Monthly Archives: October 2015


Responding to Deafness

deaf-500x152A colleague came to me yesterday with a question about a student paper on hearing loss. Should the student, he wanted to know, have capitalized the word deaf?

Simply by writing the word as lowercase, above, I have apparently made a political choice. We have reached agreement, albeit with complications, on the upper- or lowercasing of purely ideological or political terms. AP Style, for instance, supplies helpful sentences like ”The conservative Republican senator and his Conservative Party col…


‘Skedaddle,’ ‘Selfie,’ and Many More Words of the Generations

Generations cover jpeg

What if everyone born within a particular generation shared the same view of the world, a view that was different from that of generations before and after?

(Full disclosure: I’m going to shamelessly encourage you to buy my new book.)

Hard to believe,  if you think about it — everyone born during a 20-year period in the whole country having the same attitudes and inclinations to action? Yet we’ve come to believe it, as we knowingly discuss the traits of the different generations — the heroi…


Going Grammando

rant-clipart-anger-clipart-blogangerThere is a great new word that promises to get us out of a not so great metaphor. I’m going to plead its case and hope against hope that the word might get some traction. (As a scholar, I know how hard it is enact conscious language change, but that doesn’t always stop the idealist in me from trying! And yes, I am aware that it is a super prescriptive move on my part to advocate a change in usage like this.)

The not so great metaphor is grammar nazi (or grammar Nazi or Grammar Nazi, depending on…


From Seneca to Self-Help

HowProustIn 1997, Alain de Botton published his book How Proust Can Change Your Life. I was charmed by it. I remember using it in a course on cultural criticism for a graduate class that had a mix of theorists and creative writers. I thought of de Botton’s book as a model we could adopt. Here was an original work of criticism that taught me something about Proust while it playfully adopted a popular or low-brow form of writing — that is, the self-help book.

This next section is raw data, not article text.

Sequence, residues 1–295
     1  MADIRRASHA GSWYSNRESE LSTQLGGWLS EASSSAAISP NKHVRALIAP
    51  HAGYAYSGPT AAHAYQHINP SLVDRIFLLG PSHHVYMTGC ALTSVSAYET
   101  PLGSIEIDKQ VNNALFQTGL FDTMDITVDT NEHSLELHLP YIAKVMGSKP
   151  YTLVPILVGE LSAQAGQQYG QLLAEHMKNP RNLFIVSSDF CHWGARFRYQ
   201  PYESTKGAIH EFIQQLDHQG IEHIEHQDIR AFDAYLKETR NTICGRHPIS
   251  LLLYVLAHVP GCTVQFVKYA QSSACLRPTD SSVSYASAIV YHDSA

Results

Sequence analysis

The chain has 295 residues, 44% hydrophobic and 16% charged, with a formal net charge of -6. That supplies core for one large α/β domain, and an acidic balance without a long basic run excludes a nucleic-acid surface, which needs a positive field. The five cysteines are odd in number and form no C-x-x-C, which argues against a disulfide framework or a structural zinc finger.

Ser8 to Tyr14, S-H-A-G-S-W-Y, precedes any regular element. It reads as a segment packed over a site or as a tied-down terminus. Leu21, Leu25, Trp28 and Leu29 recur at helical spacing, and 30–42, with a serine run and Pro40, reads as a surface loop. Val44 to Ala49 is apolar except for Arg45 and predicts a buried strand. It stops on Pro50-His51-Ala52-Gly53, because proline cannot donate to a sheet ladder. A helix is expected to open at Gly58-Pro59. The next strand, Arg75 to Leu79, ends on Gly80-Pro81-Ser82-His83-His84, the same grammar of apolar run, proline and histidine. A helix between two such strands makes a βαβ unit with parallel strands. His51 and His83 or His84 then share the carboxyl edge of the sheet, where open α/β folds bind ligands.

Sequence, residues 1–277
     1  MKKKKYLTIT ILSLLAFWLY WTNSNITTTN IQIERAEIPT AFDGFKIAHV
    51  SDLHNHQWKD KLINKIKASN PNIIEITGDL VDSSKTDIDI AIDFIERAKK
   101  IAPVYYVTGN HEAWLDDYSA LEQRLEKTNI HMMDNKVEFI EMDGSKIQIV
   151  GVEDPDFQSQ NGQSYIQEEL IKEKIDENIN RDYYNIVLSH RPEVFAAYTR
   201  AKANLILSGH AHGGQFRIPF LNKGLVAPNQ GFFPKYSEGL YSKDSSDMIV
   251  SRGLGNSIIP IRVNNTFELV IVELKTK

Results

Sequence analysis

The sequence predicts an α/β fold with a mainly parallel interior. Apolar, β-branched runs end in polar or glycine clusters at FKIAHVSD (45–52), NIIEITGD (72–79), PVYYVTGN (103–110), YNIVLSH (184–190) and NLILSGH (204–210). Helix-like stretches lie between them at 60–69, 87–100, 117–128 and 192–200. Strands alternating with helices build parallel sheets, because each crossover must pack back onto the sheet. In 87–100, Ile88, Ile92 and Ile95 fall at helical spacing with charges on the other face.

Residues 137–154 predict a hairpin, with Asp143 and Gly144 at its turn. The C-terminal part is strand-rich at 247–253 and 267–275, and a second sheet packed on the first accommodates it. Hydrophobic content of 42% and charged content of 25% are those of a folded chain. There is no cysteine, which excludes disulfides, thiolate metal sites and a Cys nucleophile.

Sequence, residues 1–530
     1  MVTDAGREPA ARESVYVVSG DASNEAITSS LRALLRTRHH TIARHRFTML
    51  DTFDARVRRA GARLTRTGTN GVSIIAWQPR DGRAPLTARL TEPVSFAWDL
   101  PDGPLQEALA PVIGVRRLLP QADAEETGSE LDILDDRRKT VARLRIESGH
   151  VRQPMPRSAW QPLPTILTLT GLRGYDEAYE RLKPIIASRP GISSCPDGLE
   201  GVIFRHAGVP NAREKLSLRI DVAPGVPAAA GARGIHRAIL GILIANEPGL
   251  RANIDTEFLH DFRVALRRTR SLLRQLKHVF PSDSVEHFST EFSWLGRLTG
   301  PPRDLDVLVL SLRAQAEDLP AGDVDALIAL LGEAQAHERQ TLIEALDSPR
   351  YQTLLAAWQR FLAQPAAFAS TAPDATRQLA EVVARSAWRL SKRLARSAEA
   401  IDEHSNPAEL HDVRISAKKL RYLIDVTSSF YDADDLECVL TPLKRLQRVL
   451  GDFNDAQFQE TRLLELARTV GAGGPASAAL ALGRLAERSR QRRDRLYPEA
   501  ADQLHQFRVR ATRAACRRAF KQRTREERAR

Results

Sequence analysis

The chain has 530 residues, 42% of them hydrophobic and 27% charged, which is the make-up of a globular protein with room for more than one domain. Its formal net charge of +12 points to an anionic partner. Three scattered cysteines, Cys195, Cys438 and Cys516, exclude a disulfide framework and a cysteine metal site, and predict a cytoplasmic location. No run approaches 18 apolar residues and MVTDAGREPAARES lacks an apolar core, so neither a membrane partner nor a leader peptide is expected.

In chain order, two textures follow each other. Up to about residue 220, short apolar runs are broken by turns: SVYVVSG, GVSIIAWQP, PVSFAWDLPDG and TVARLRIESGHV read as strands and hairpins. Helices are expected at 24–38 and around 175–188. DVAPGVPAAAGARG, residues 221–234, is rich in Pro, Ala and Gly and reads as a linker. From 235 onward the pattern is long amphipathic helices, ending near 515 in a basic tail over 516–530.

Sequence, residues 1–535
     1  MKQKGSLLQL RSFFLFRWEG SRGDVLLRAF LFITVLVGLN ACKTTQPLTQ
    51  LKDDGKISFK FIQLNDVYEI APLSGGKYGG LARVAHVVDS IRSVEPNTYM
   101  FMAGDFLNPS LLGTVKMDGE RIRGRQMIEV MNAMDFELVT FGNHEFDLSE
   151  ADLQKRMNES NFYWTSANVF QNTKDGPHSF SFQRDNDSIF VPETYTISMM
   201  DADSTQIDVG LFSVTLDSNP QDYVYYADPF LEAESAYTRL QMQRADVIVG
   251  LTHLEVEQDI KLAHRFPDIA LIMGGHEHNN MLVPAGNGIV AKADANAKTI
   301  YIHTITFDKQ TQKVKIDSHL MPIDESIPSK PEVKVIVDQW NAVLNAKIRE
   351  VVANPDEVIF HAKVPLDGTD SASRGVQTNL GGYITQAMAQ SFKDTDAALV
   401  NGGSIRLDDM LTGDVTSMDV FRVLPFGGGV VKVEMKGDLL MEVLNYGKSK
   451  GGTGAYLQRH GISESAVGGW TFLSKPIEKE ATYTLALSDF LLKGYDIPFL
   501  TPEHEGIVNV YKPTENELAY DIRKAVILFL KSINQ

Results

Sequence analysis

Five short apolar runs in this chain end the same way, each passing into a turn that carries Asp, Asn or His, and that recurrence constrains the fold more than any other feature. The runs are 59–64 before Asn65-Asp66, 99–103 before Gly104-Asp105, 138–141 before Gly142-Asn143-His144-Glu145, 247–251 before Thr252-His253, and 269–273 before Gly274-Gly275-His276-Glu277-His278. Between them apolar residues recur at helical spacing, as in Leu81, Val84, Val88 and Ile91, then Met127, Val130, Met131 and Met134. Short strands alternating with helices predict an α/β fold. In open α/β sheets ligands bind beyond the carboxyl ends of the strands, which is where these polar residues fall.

Like every other self-respecting academic, I’…


Saying ‘the’ in German


A tiger in the Berlin zoo. Tiger is masculine, though Katze (“cat”) is feminine.

As I have explained, I spent 18 months of my dissolute youth in Germany without learning German. I still feel a little ashamed every time I visit that fine country.

You might think it’s too late for me to fix this: It is widely believed that adult brains lose the language-acquisition knack. But I actually think that’s a cop-out.

Infants have various often-overlooked advantages: cogni…


O Mentee, Go Dissertate!


Two words – two quite awful words – have crept into the bosom of academe.

For a long time they’ve been on my list of terms I’d wish away if I could, but being powerless on such matters I’ll blog about them instead.

As Lingua Franca readers know, we academics are a caring tribe, helpful and attentive to the needs of our younger colleagues, especially those working on their Ph.D.s.

They are, most of them, writing dissertations. We mentor  these writers, and that is as it should be.

The word disse…


German for Beginners

Refugees arrive in Germany

Refugees, mainly from Afghanistan, arrive in Bavaria. (Photo by Falk Heller/Anadolu Agency/Getty Images)

MUNICH — Spende, reads the sign leaning against a tent outside Munich’s main train station. Donations. Items needed for the hundreds of thousands of refugees who have been pouring into Germany in recent months. Germany, the final destination — the refugees hope — of long, arduous, often heartbreaking journeys from Afghanistan, Somalia and, in greatest numbers, Syria.

Bottled water
Baby formul…


The Third Flaw in the Second Amendment

9EEFE82C-D60F-4F34-B5DA-CFA2325E40E5I was at a department barbecue in California last summer, where conversation had turned to some recent school shooting, and how gun-control legislation can never be enacted because we cannot get round the Second Amendment. A nonacademic visitor suddenly interjected: “Nonsense. You’ve already done it.”

Several professorial heads turned toward her. “How do you mean, we’ve already done it?”

“You’ve already passed laws limiting the Americans’ ownership of arms. Individuals aren’t allowed to have nuc…


Amid the Amidsts

dont-you-just-hate-the-word-whilstFirst-year undergraduate writing leaves so much to be desired that it seems silly to get stuck on two letters. But as I grade my first set of papers, I’m struck by the sudden ubiquity of –st:

  • It is interesting to note that whilst the character is dreaming …
  • The true nature of his actions is unbeknownst to the reader.
  • Amongst his peers, Melville was the best at this.
  • Whilst we should not overly concern ourselves with that here …

What’s going on? Most language mavens see the –st forms of these w…


Happy Birthday, Lingua Franca!

Slightly more than four years and a thousand posts ago, at the behest of the editor Heidi Landecker at The Chronicle of Higher Education, this Lingua Franca blog came into being. Since that time, day after day, our motley crew has mused, elucidated, queried, uncovered, advertised, challenged, and pontificated about language, more or less as Heidi and Liz McMillen, The Chronicle’s editor,  had envisioned. And you, dear readers, have responded with everything from dissertations of your own to com…